Where 3 Million Electric Vehicle Batteries Will Go When They Retire?

With the growth of electric cars has come a flood of used batteries that is set to skyrocket in the next five years.The first batches of batteries from electric and hybrid vehicles are hitting retirement age, yet they aren’t bound for landfills. This year about 55,000 used battery packs were removed from electric cars as the cars' packs reach their 10-year lifespan. That is leading to new efforts to reuse batteries before they need to recycled. The question of how to dispose of all these used batteries is becoming critical.

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I would be worried about the cost effectiveness of the idea. It could easily be decades before a process to recycle the components 100% became economically viable for the company to commit to the idea. Tesla shareholders would probably vote to focus on refining their current tech and nailing down manufacturing before exploring new processes that could be more expensive. 

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1 hour ago, BlackTortoise said:

With the growth of electric cars has come a flood of used batteries that is set to skyrocket in the next five years.The first batches of batteries from electric and hybrid vehicles are hitting retirement age, yet they aren’t bound for landfills. This year about 55,000 used battery packs were removed from electric cars as the cars' packs reach their 10-year lifespan. That is leading to new efforts to reuse batteries before they need to recycled. The question of how to dispose of all these used batteries is becoming critical.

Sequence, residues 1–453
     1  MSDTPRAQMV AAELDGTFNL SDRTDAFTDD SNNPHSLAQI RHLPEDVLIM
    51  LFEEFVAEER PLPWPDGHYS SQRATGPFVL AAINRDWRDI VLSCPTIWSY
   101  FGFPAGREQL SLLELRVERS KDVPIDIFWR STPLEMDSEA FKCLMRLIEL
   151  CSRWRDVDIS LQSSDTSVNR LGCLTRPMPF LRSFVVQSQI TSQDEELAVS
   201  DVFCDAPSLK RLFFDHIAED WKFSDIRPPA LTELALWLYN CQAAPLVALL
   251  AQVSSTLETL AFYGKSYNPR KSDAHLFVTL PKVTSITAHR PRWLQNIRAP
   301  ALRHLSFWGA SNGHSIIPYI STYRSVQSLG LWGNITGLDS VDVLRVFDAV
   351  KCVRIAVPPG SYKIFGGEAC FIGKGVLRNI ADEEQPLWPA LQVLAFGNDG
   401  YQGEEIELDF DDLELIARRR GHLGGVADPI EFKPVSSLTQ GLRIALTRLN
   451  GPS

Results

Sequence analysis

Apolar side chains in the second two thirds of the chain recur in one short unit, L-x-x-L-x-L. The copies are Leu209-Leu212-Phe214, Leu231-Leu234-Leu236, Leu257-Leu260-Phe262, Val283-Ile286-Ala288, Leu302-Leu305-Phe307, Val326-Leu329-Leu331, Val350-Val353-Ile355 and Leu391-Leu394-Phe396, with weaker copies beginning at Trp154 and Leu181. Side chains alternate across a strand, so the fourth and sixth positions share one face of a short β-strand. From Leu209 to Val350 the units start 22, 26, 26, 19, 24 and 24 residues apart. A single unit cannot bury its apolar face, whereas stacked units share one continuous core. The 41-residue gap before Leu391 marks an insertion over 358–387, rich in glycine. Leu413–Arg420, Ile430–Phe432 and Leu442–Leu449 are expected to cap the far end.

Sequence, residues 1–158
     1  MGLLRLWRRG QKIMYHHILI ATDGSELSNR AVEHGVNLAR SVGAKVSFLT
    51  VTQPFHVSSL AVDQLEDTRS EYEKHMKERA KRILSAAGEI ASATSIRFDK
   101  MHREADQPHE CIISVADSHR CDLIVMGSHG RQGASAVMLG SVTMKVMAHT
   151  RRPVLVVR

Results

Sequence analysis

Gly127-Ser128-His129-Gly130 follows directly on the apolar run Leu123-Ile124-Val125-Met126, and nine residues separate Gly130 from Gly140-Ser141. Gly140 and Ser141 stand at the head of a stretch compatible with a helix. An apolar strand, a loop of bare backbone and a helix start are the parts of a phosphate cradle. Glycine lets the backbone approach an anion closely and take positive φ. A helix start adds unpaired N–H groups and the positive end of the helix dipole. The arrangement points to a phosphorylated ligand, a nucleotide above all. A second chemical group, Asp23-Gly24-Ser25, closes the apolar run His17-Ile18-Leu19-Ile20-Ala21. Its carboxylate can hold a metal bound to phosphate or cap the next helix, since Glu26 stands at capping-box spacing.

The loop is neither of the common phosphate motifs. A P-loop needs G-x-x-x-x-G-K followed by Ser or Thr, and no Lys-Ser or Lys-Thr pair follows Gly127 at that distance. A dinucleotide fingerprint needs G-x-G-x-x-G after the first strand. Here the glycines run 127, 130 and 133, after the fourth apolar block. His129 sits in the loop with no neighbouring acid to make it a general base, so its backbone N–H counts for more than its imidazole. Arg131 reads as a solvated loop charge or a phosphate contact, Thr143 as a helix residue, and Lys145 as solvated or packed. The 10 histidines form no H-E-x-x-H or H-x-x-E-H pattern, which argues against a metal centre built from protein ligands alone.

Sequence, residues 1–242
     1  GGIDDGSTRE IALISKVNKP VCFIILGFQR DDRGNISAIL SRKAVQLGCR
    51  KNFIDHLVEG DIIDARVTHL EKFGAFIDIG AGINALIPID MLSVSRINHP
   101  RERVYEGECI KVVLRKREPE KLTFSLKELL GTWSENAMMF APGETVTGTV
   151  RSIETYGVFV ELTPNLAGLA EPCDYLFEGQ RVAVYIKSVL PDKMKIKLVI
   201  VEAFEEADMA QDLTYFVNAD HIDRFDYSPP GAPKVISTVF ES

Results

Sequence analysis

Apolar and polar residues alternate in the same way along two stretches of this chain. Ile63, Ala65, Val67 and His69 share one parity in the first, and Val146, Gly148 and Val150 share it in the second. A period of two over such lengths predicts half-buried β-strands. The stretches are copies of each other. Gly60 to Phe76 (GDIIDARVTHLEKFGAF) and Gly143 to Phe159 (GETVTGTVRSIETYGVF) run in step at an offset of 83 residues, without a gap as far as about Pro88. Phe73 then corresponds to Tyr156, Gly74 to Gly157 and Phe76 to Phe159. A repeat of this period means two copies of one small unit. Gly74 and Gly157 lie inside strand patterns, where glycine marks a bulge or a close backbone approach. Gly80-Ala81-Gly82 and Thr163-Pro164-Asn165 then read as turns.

Already been resolved. The batteries can have a second life as stationary storage. 

Take a Nissan Leaf - the Battery degrades from 30kwh to 15kwh. The battery is replaced but still has a lot of function for stationary storage. 

These can be converted for home / small business use

Bulked together and used to provide short term storage for the grid. 

Once there have reached their true end of life there should be enough to create the economy of scale to build recycling facilities. 

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GM and BMW are also working to develop a market for the battery packs powering energy grids. Lithium-ion car and bus batteries can collect and discharge electricity for another seven to 10 years after being taken off the roads and stripped from chassis. 

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Economics of battery cars seem to be taking a holiday.  When will they do true incremental analysis from the electricity supply course through distribution to the battery charge station.  Incremental capital cost not considered as well as the fact that the all utility users are bearing the cost for the battery car owners.  Kind of like the phony analysis of solar energy panels.  The US taxpayer is funding their neighbors lower utility cost.  Subsidies unfair!  Germany paying 3 times our electricity cost for their ridiculous policy decisions on scrap nuclear and make it up with solar and wind mills.  How many sunny days in Germany and what is the intensity of the sun in Germany at its latitude?